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Amazon's Echo, Apple's Siri, and Google's Assistant Accept Commands We Can't Hear


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#1 LFC

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Posted 07 June 2018 - 01:43 PM

They have a greater range of hearing than humans which could potentially be exploited.

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Over the last two years, researchers in China and the United States have begun demonstrating that they can send hidden commands that are undetectable to the human ear to Apple’s Siri, Amazon’s Alexa and Google’s Assistant. Inside university labs, the researchers have been able to secretly activate the artificial intelligence systems on smartphones and smart speakers, making them dial phone numbers or open websites. In the wrong hands, the technology could be used to unlock doors, wire money or buy stuff online — simply with music playing over the radio.

A group of students from University of California, Berkeley, and Georgetown University showed in 2016 that they could hide commands in white noise played over loudspeakers and through YouTube videos to get smart devices to turn on airplane mode or open a website.

This month, some of those Berkeley researchers published a research paper that went further, saying they could embed commands directly into recordings of music or spoken text. So while a human listener hears someone talking or an orchestra playing, Amazon’s Echo speaker might hear an instruction to add something to your shopping list.

“We wanted to see if we could make it even more stealthy,” said Nicholas Carlini, a fifth-year Ph.D. student in computer security at U.C. Berkeley and one of the paper’s authors.

Mr. Carlini added that while there was no evidence that these techniques have left the lab, it may only be a matter of time before someone starts exploiting them. “My assumption is that the malicious people already employ people to do what I do,” he said.

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#2 AnBr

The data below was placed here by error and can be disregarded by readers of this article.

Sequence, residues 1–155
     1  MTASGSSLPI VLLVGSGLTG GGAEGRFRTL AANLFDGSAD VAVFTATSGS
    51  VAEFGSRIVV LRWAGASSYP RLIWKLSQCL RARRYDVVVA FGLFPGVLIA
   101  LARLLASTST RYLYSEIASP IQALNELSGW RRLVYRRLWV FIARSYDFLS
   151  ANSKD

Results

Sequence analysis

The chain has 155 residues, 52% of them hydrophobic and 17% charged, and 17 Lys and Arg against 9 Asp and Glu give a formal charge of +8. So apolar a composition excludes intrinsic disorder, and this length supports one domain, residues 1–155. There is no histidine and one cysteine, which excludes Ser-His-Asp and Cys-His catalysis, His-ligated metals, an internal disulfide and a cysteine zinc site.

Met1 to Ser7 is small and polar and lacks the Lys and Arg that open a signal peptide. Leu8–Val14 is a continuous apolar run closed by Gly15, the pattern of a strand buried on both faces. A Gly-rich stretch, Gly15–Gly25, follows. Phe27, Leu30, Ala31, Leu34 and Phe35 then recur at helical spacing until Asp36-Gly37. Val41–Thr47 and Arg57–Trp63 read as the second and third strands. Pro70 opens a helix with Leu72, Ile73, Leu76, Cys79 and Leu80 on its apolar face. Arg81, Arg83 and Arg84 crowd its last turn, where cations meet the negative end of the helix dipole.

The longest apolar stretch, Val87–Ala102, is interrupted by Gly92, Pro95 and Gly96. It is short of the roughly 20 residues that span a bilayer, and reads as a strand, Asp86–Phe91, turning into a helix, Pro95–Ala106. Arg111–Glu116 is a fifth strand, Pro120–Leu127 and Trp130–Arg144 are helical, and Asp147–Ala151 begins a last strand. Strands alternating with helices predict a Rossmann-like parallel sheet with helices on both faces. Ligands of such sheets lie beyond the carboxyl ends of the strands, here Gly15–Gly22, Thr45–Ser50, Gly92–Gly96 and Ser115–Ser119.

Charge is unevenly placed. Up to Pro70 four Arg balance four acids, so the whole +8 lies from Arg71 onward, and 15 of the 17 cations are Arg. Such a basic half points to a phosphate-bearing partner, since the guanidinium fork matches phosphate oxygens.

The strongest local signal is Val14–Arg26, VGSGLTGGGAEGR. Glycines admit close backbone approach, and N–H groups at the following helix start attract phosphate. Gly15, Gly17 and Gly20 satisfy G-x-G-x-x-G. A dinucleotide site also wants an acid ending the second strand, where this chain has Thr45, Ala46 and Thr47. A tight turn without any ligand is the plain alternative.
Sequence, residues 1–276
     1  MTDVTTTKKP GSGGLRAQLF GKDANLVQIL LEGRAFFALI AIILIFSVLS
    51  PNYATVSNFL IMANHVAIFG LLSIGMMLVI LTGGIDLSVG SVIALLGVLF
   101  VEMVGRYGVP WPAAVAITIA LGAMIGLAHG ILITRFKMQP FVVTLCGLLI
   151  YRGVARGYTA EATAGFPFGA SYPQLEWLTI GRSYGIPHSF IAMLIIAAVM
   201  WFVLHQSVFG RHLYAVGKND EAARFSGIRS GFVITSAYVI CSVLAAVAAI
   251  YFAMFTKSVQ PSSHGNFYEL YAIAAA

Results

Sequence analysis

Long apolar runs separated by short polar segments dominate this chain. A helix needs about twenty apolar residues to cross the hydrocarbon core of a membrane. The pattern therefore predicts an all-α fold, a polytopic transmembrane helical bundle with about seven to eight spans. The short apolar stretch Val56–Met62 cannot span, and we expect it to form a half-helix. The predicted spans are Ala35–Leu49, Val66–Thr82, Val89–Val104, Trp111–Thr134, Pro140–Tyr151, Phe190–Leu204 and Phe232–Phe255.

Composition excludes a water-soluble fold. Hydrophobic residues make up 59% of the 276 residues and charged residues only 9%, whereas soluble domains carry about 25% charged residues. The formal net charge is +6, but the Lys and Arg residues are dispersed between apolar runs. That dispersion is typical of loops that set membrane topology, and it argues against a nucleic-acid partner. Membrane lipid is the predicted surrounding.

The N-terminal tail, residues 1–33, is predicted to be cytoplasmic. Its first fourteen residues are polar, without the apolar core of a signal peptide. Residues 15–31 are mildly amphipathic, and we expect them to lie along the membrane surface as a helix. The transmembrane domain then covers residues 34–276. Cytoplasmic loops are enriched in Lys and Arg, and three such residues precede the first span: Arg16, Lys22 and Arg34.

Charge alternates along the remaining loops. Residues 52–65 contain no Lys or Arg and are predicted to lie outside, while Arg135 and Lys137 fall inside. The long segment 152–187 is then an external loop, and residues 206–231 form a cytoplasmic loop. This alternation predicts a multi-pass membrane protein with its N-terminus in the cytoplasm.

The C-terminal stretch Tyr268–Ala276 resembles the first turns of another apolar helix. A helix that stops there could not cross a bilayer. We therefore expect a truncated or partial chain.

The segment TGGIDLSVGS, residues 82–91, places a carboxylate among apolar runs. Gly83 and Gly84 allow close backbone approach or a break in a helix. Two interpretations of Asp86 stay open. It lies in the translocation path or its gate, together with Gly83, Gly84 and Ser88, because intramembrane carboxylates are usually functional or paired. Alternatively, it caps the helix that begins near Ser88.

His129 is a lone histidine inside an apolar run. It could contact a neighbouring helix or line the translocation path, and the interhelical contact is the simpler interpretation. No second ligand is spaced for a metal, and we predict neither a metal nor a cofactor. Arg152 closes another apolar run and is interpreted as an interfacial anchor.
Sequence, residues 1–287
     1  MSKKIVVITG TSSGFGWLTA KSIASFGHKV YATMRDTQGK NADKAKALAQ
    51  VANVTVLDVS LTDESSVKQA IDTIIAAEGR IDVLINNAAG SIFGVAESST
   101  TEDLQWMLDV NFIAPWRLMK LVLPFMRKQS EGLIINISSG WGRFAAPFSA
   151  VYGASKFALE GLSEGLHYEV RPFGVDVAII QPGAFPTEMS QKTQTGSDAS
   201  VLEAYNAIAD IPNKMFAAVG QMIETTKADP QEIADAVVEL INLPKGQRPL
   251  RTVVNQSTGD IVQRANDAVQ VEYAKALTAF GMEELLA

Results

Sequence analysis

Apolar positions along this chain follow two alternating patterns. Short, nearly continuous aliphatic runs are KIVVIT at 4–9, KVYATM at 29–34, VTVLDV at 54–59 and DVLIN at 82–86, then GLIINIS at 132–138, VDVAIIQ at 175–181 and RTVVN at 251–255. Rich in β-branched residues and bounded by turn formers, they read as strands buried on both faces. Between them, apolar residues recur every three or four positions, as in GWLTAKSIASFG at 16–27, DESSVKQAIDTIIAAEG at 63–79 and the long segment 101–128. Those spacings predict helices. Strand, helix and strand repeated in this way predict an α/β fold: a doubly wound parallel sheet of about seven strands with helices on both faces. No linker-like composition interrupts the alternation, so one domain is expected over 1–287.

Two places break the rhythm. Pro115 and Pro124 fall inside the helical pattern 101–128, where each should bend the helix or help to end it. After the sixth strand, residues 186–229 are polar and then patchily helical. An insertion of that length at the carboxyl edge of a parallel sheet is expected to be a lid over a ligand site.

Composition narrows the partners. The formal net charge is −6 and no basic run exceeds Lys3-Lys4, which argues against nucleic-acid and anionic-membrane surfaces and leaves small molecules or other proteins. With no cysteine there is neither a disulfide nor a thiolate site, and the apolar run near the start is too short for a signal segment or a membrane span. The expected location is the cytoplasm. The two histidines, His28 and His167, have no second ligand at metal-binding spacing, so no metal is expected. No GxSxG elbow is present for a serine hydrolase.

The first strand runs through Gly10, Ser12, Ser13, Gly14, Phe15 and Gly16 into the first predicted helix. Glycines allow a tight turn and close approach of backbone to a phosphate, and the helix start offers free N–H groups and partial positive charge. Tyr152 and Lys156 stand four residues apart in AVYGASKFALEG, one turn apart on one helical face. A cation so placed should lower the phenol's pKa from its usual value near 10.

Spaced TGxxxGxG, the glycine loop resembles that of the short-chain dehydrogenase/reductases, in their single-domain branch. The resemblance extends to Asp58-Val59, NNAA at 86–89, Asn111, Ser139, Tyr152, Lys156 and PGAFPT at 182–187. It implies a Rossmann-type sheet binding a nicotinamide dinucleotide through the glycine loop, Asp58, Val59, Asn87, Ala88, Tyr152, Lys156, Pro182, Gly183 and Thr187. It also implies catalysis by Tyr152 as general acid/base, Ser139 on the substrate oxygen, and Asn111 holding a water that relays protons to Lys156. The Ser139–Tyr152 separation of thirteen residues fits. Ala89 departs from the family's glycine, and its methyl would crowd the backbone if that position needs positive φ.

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Posted 07 June 2018 - 03:27 PM

This is part of why I never do anything requiring security with my Droid. That and the wireless part.
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#3 DCoronata

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Posted 08 June 2018 - 06:05 AM

I'm having a problem with this on many fronts.


There are several ways to possibly accomplish this- most cheap speaker.microphones can't deal with high frequencies. So embedding ultrasonic noise that can be converted into some sort of signal, is difficult. So the sounds would have to be multiple frequencies higher than human hearing at very high volumes and some people can hear this and they'd hear the beat frequencies. Of course there's another issue, the command only has to be given once- you might do a "huh, WTF?" when you hear it and you'll immediately dismiss it because you'll just think you heard something. But that horse is already out of the barn.

For hidden signals in white noise, it's astonishingly easy to fix, change the sensitivity settings in the comb filters. They can adjust this in the DSP software that they use and it can be very easily fixed and updated by Google, Apple, Alphabet, etc... This is the sort of fix they can make IN A DAY and they can test it for a few weeks to make sure it works for general release. Heck, these companies have no problems using customers as beta testers (nobody does this better than Microsoft)

The simplest, most effective way and yeah, the most annoying for customers is when anything requiring communications outside of the system is requested, ask "Are you sure you want me to call 945-321-9876?" Security should come before convenience.
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#4 D. C. Sessions

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Posted 08 June 2018 - 06:40 AM

View PostDCoronata, on 08 June 2018 - 06:05 AM, said: